What is the difference between Scopes and Categories of emissions?

By Richard Gordon

Until recently, most organisations have focused their climate change attention on greenhouse gas emissions from their own operations.

But increasingly they understand the need to also account for GHG emissions along their value chains and product portfolios to comprehensively manage their climate-related risks and opportunities.

Value chain refers to the supply chain, operational activities and includes the use of products by consumers and the end-of-life treatment of products after consumer use.

It is becoming more evident that value chain emissions are generally where the greatest risks and opportunities lie.

When reporting on GHG emissions, many organisations use the Greenhouse Gas Protocols and the Scope 1, 2 and 3 framework.

But is the three Scope system broad enough to capture all emissions across the full value chain? And, more importantly, do you need to know this stuff?

Answering the last question first, it is not imperative, but if you are involved in communicating about climate change and carbon, or if you are a senior decisionmaker it is useful to understand the key metrics now being used in the realm of carbon emissions.

First a quick recap on Scopes. The concept of Scope 1, 2 and 3 emissions was developed by the Greenhouse Gas Protocol in order to categorise and delineate direct and indirect greenhouse gas emissions.

Scope 1 are greenhouse gas emissions occurring from sources that are owned or controlled by the company. Scope 2 are GHG emissions from the generation of electricity consumed by the company and Scope 3 emissions are a consequence of the activities of the company but occur from sources not owned or controlled by the company.

There are 15 categories of emissions within Scope 3 such as business travel, use of sold products and services, and waste disposal.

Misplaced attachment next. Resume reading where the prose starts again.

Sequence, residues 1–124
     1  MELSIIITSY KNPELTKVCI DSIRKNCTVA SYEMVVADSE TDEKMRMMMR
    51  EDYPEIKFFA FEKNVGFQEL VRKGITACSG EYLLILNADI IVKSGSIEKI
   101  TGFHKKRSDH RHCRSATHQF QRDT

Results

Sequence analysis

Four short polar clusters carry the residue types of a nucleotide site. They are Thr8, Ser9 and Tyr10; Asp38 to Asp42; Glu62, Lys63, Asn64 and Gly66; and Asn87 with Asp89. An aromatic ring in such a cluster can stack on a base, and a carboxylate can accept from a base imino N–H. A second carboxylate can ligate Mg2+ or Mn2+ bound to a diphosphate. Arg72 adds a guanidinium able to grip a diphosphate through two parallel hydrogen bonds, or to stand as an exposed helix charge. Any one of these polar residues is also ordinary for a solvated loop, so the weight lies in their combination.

So, you can see that while Scope 1 and 2 are relatively narrow in scope (sorry), Scope 3 includes a wide basket of indirect emissions. Within Scope 3 one category such as emissions from sold products could dominate but not be clearly identified.

Most reporting organisations happily work with the GHG Protocols and the three Scopes. The GHG Protocol’s standards and guidance are easy to access and are free to download.

But there is another framework to consider, one that provides more detailed reporting of categories within Scope 3.

This is the ISO 14064-1:2018 – a bit of a mouthful – but typical of the ISO nomenclature. Since 2021, the ISO standard has been closely based on the GHG Protocol but is shorter, more direct and, unlike the Protocol, it must be purchased.

The key difference between the two is the more granular approach to indirect emissions.

ISO 14064-1:2018 has six categories: 1 and 2 are the same as Scope 1 and 2. Categories 3 to 6 are indirect emissions and more applicable to the value chain and end use of products sold.

The four categories are:

  • Category 3: Indirect GHG emissions from transportation.
  • Category 4: Indirect GHG emissions from products an organisations uses, including employees working from home, waste and leased assets.
  • Category 5: Indirect GHG emissions (use of products sold) including lifetime emissions, end of life emissions and financed or investment emissions.
  • Category 6: Indirect GHG emission from other sources (everything else).

While categories 1 to 4 should be relatively straightforward to measure and report, categories 5 and 6 could prove problematic or require more effort to track and quantify.

Take, for example, a car company that sells 20,000 new vehicles in a year. It takes a bit of work to quantify the lifetime emissions of each vehicle model but once a template has been established reporting lifetime emissions each year should be easier.

At the end of the day, whether you use Scopes or the ISO standards, what is most important is the accuracy and relevance of your data. Reporting of sustainability metrics including carbon should always be founded on materiality – what matters most.

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